Germany: the sparkasse of innovation
As established banks migrate to a digital era, new entrants in the German market are threatening to seize the moment.
“We see a change in society; in the way that smart phone adoption feeds back into the way we run our business,” says Andreas Vollmer, chief IT architect of Commerzbank. “It is not just about the technology, it is also about how we digitise our processes.”
The digitisation of banking is a global phenomenon, yet national markets generate their own tectonic pressures which dictate the pace of change. With new financial technology (fintech) startups keen to take business from traditional banks, a new evolutionary dynamic is in play.
In the pallid-looking European banking sector, Germany’s banking system got some colour back in its cheeks on 8 October 2015 when rating agency Moody’s upgraded it from ‘Negative’ to ‘Stable’. The change reflected a more solid footing for the banks, following the introduction of a resolution regime last year and the industry’s positive characteristics including high quality loans, capital buffers – which Moody’s referred to as “adequate” – and a reduced reliance on capital market funding which is subject to shifts based on market confidence.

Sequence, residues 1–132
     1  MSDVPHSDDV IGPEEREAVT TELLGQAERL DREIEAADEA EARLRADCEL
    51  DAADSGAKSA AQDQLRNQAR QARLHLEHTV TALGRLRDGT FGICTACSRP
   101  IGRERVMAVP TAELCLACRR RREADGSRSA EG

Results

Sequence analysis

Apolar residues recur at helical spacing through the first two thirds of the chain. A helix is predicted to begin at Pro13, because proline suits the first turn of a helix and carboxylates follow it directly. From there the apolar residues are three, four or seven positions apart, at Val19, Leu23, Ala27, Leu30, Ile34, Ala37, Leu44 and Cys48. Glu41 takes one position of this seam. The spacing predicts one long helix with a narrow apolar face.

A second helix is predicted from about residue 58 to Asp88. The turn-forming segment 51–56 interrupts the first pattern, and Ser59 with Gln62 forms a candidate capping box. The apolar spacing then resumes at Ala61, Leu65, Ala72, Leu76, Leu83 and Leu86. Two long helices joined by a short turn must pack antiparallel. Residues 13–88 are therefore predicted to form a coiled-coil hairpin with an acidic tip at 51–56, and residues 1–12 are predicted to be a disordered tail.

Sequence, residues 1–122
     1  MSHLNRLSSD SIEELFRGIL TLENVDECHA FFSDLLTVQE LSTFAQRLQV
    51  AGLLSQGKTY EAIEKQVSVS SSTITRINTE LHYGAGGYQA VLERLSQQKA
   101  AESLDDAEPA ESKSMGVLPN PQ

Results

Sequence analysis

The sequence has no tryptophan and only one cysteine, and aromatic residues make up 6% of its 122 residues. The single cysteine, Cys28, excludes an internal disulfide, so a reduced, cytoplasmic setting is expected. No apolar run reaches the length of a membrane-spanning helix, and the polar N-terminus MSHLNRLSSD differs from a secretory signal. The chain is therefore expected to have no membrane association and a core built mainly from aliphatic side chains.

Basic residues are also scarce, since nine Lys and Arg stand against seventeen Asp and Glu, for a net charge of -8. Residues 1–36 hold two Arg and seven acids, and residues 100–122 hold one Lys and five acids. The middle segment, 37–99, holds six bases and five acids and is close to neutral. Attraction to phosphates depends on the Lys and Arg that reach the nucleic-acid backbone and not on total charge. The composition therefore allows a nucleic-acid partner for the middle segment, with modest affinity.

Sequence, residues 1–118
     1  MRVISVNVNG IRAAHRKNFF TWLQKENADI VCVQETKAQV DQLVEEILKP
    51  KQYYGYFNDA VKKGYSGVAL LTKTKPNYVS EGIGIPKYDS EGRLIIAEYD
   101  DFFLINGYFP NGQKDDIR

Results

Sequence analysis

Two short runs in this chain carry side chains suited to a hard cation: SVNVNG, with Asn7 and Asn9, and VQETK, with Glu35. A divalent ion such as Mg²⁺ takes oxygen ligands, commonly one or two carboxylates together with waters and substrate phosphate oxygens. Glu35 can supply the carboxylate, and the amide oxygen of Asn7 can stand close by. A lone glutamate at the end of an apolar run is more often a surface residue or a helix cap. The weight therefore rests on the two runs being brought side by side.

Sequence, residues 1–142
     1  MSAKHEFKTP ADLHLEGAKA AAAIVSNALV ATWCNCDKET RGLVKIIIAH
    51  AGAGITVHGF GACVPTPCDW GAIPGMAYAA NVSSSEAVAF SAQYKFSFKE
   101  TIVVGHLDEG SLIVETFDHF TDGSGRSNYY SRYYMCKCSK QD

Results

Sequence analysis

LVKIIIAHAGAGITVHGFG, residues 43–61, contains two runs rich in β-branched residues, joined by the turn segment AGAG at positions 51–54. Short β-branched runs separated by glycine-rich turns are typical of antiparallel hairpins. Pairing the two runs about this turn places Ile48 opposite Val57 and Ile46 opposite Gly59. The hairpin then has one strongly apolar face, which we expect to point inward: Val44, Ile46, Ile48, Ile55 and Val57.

On paper, German banks are a safer pair of hands than their counterparts in many of the southern states of Europe. Nevertheless, traditional banks in Germany are far from complacent in their domestic market. Consolidation and closure has seen the number of banks falling from 2,987 in 2000 to 2,038 in 2007, and down to 1,804 in Q1 2015 according to Bundesbank data. Analyst house Scope Ratings, reports that average net assets per bank have grown by just €900 million since the pre-crisis period, rising to €4.6 billion in Q1 2015 up from €3.7 billion in 2007.
The country’s larger banks are pulling back from broad growth strategies in order to minimise the impact of new capital rules. This echoes a global trend, with a refocusing of business on specific lines and potential ring-fencing of higher risk activities. As costs increase, the real impact of legacy systems is in evidence…
This is an excerpt. The full article is available in the February 2016 edition of Banking Technology. Click here to read the magazine online.
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